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5 forms to complete sooner rather than later

1. Durable financial power of attorney

You give someone else the authority to act on your behalf. It is an essential document, as important as your will. Without it your spouse or close relatives will need a court order to act on your behalf.

Once this document is signed, your named agent is authorized to do as much or as little as you have stipulated.

For example: pay living expenses, collect social security, invest, run your business, claim property, transfer assets, etc.

You do not have to be incapacitated to need this document; simply being away on vacation allows your agent to act. There are laws that obligate your agent to perform in your best interests.

2. Your will

Details of North Carolina’s Will Requirements can be found at http://www.ncga.state.nc.us/gascripts/statutes/StatutesTOC.pl?Chapter=0031

The basics are:  Any person of sound mind, and 18 years of age or over, may make:

An attested written will signed by testator and at least two competent witnesses.

Or

A will entirely in the handwriting of the testator subscribed by the testator, or with his name written on the will in his own handwriting, and found after the testator’s death deposited by him in a place of safekeeping.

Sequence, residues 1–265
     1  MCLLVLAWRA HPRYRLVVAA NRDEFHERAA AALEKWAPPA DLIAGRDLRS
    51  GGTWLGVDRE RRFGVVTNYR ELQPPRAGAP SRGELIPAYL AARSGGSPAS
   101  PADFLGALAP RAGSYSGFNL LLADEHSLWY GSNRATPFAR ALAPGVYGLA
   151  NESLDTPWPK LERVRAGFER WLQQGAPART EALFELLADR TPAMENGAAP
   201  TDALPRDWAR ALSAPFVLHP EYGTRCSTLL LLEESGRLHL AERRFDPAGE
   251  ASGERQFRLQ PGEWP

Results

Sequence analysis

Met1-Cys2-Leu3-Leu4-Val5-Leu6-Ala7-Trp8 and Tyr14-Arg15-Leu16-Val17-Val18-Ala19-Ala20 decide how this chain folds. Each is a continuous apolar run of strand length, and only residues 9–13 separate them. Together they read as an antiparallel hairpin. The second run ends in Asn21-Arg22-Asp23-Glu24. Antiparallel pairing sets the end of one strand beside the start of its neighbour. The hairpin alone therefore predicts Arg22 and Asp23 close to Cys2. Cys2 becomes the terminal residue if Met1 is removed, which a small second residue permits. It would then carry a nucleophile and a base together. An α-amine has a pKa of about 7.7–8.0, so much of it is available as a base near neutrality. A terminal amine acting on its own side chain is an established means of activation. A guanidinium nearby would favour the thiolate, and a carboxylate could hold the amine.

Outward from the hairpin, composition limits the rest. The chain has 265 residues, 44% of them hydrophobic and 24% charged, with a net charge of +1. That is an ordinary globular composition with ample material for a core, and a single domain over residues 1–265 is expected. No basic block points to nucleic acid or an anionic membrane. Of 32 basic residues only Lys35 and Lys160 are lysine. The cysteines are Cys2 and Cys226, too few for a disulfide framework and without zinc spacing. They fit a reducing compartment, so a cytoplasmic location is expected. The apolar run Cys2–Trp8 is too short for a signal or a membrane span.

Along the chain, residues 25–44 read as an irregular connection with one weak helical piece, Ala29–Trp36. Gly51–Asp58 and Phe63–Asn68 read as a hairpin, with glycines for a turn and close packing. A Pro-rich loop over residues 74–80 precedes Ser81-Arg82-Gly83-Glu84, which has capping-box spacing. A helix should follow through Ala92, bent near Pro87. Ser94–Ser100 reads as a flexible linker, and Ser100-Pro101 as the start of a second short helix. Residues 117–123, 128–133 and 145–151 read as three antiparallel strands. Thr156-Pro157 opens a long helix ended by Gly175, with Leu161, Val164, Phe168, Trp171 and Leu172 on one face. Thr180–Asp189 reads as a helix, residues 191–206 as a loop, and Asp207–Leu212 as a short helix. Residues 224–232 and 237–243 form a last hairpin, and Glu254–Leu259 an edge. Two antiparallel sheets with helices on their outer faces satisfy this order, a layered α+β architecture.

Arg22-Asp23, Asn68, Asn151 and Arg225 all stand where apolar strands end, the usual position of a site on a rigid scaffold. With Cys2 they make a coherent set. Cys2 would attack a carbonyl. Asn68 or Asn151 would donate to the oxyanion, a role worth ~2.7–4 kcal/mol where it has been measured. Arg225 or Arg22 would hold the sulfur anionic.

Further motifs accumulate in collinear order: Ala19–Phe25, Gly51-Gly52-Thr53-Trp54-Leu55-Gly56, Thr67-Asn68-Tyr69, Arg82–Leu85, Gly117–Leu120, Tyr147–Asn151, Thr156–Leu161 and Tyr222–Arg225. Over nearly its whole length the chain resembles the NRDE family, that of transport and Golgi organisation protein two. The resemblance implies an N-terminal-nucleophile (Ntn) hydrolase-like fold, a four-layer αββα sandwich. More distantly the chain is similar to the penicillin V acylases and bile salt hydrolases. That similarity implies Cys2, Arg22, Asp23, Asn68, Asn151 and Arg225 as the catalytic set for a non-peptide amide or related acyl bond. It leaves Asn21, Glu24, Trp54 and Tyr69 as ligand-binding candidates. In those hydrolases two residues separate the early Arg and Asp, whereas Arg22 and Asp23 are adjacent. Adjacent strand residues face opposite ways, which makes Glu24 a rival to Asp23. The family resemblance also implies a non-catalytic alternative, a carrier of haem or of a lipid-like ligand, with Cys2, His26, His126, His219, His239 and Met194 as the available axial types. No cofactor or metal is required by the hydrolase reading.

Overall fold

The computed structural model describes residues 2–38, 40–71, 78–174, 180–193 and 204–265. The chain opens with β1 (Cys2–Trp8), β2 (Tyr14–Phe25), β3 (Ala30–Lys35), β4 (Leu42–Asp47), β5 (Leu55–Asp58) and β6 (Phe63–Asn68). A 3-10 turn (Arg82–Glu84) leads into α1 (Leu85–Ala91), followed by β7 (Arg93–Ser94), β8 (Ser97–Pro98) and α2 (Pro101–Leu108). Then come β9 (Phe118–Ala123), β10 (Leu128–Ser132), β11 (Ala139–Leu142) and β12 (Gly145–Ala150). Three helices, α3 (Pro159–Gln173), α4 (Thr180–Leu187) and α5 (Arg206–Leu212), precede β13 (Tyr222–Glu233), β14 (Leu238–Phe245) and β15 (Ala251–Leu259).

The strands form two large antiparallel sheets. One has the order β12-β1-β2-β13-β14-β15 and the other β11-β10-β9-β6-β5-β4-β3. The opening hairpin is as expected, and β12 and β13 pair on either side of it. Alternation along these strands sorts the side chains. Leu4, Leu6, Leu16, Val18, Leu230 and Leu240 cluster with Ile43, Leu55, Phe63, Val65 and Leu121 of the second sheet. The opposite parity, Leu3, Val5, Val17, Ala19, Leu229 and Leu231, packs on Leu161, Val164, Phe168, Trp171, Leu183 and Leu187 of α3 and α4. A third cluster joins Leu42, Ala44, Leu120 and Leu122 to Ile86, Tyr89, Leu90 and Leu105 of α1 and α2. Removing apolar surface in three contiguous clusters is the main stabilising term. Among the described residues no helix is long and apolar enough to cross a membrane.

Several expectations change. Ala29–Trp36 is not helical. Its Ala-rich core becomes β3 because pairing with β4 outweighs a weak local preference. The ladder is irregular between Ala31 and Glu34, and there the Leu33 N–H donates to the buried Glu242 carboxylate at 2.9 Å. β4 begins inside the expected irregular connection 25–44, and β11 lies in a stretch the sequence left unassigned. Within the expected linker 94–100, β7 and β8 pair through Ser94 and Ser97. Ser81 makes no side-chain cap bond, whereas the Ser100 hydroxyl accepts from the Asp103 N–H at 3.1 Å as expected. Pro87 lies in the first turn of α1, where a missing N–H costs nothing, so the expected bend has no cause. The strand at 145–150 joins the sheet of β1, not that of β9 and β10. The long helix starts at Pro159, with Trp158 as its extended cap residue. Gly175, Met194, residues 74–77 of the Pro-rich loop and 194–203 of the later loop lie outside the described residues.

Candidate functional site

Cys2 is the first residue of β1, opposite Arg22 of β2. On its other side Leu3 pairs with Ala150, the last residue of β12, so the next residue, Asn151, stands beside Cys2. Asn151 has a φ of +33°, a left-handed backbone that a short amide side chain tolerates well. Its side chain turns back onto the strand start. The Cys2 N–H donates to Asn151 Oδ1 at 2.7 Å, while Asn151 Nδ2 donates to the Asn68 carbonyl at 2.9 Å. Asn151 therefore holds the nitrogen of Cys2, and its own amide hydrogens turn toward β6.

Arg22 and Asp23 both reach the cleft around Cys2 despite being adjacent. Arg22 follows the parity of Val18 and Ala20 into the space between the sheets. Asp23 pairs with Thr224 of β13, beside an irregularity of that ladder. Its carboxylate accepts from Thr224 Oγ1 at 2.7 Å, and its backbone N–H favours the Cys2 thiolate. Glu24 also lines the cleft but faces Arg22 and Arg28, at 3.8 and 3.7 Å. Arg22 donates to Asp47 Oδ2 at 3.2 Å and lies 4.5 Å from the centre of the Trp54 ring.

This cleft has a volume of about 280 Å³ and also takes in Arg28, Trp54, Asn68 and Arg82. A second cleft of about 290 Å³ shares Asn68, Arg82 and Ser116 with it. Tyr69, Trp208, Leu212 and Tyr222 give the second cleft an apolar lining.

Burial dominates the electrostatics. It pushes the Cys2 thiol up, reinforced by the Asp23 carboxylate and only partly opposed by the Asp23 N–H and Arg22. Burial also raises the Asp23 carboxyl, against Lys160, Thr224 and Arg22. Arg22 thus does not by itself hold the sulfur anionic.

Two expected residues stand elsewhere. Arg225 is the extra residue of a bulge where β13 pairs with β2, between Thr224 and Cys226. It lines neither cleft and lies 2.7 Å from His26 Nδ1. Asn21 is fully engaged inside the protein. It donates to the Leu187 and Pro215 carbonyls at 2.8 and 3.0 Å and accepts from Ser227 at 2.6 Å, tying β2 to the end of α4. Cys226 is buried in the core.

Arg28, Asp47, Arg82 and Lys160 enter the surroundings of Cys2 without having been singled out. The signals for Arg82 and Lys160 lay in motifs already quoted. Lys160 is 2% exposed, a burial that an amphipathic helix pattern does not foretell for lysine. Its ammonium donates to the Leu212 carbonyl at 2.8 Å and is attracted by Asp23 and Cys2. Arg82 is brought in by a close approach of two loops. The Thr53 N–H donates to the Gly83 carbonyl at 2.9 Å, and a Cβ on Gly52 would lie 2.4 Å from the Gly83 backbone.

Or

A nuncupative will made orally by a person who is in imminent peril of death and who does not survive sickness or peril, and is declared to be his will before two competent witnesses.

Wills do not necessarily cover beneficiary designations. Joint accounts or “payable on death” policies fall to the surviving account holder or beneficiary stated on the account, regardless of what the will says. Divorce, marriage, birth, or beneficiary death should prompt a review of your accounts, particularly IRA and similar assets.

3. A living trust

A will becomes effective on your death, but a living trust can become effective during your lifetime. You choose a trustee and when you transfer assets into the trust and execute the signature documents, the trustee then controls the trust. One advantage of this arrangement is that there is no probate debate or wait-time on your death; the trust is already in operation.

4. A living will

A living will spells out what kind of healthcare you want or do not want should you become unable to speak for yourself.

It is directed mainly at end-of-life choices: Do you want life-prolonging treatments such as blood transfusions, dialysis, drugs, respirator, surgery, even food and water?

A living will has nothing to do with control of your assets.

5. Health Care Directives

The North Carolina Department of the Secretary of State’s Advance Health Care Directive Registry http://www.secretary.state.nc.us/ahcdr/Forms.aspx has these forms available:

ν Advance Instruction For Mental Health Treatment

ν Organ/Tissue Donor Card

ν Advance Directive for a Natural Death

ν Health Care Power of Attorney.

ν You may also choose a separate “Do Not Resuscitate”Order.

— Len Clark

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